Florida property-catastrophe risk-adjusted pricing is expected to decline by about 15 percent on average at June 1, 2008 renewals. A competitive reinsurance market and the absence of major insured losses are driving this trend. While disasters are not in short supply, none has had a market-changing impact.
Hurricane season starts June 1, with the state-run Florida Hurricane Catastrophe Fund (FHCF) providing reinsurance property-catastrophe cover. Private reinsurers tend to renew programs at this time as well, allowing carriers to coordinate FHCF and private coverage. Within the averages, some interesting patterns appear to be emerging for some sub-groups. Firm order terms (FOTs) were considerably below quotes, reflecting the economic power of cedents in a soft market.
The FHCF continues to play an important role in most companies’ overall reinsurance programs, and price decreases have been more dramatic for higher layers attaching above the FHCF. This results largely from reinsurers’ preference for more remote exposures. FOTs for lower layers (sitting below the FHCF) dropped 7 percent to 10 percent relative to June 1, 2007 renewals. Middle layers, usually placed alongside the FHCF, saw decreases of 12 percent to 15 percent, while FOTs for higher layers declined by 18 percent to 25 percent relative to last year.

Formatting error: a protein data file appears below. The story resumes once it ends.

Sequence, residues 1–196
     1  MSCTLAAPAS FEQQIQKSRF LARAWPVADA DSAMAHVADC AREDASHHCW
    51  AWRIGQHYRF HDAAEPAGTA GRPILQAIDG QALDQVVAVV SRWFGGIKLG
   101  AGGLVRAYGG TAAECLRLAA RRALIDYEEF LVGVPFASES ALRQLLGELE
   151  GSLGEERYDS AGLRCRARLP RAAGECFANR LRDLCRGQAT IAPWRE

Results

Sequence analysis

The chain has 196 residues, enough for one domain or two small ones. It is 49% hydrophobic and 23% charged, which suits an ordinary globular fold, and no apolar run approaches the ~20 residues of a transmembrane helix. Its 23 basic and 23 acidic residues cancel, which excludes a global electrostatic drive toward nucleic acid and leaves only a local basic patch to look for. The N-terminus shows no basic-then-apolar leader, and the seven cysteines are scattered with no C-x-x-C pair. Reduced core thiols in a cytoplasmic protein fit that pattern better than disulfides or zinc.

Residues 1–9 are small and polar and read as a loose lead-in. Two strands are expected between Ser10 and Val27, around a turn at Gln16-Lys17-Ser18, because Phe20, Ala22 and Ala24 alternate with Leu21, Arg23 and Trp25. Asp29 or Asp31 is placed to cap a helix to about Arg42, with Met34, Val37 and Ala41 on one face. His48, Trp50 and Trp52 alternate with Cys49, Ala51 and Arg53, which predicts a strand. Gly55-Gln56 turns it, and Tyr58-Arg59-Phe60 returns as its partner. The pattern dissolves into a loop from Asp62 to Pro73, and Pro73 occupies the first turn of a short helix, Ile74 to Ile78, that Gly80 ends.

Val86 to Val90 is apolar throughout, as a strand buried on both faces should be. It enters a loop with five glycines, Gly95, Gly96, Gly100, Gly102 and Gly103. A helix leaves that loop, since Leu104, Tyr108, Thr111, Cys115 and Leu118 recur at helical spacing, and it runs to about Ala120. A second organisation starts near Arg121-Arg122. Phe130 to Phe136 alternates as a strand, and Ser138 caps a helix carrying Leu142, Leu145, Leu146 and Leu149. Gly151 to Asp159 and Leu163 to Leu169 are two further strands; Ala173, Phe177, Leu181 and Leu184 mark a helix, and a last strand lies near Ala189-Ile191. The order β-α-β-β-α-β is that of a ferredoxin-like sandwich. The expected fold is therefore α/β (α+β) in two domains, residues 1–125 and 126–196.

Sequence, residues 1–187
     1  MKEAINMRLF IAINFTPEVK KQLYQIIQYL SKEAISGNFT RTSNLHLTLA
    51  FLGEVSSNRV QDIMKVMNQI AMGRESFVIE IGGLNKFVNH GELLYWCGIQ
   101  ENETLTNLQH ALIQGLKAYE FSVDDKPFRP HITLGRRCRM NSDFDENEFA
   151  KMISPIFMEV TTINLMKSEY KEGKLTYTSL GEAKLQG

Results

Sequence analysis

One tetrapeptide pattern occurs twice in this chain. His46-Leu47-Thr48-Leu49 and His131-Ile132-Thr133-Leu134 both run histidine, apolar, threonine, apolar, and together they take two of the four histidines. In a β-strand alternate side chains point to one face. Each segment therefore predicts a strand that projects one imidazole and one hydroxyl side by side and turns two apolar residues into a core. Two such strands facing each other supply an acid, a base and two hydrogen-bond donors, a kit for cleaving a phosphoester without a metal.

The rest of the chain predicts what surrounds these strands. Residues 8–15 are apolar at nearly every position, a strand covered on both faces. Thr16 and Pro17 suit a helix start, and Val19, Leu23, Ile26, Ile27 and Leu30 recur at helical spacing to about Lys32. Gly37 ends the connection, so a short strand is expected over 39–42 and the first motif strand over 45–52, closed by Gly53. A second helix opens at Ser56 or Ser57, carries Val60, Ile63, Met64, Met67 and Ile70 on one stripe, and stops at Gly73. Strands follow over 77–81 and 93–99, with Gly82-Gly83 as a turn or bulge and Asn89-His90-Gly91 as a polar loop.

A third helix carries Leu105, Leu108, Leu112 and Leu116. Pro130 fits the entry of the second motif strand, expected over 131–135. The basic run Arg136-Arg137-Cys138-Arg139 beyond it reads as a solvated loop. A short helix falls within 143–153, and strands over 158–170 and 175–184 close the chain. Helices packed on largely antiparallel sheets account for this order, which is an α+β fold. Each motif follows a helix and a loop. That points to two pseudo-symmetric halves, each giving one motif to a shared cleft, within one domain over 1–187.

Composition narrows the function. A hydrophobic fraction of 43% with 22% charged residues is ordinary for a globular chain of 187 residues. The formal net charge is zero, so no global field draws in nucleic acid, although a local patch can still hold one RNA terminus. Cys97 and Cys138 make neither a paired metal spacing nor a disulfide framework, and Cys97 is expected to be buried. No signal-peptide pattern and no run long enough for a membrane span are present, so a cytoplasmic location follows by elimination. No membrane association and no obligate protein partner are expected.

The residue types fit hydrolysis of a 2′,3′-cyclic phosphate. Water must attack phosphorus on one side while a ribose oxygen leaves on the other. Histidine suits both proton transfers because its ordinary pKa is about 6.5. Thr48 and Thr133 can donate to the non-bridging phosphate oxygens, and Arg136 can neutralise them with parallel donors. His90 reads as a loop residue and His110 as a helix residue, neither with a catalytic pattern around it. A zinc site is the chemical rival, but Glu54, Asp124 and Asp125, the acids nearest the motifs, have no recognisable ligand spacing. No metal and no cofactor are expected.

A number of smaller Florida-only writers had significant portfolio increases in 2007. In several cases, total private reinsurance premiums were reduced, despite the increased exposures. At the other end of the spectrum, national writers are continuing to reduce their Florida portfolios, freeing up capacity for smaller players.
Citizens, the insurer of last resort in Florida, entered the reinsurance market in 2008, adding a limit USD446 million to overall demand. This proposed purchase is not large enough to absorb the excess capacity in the reinsurance market. The FHCF is reviewing measures to increase its liquidity. This could lead to a purchase of reinsurance, but probably would not impact current renewals.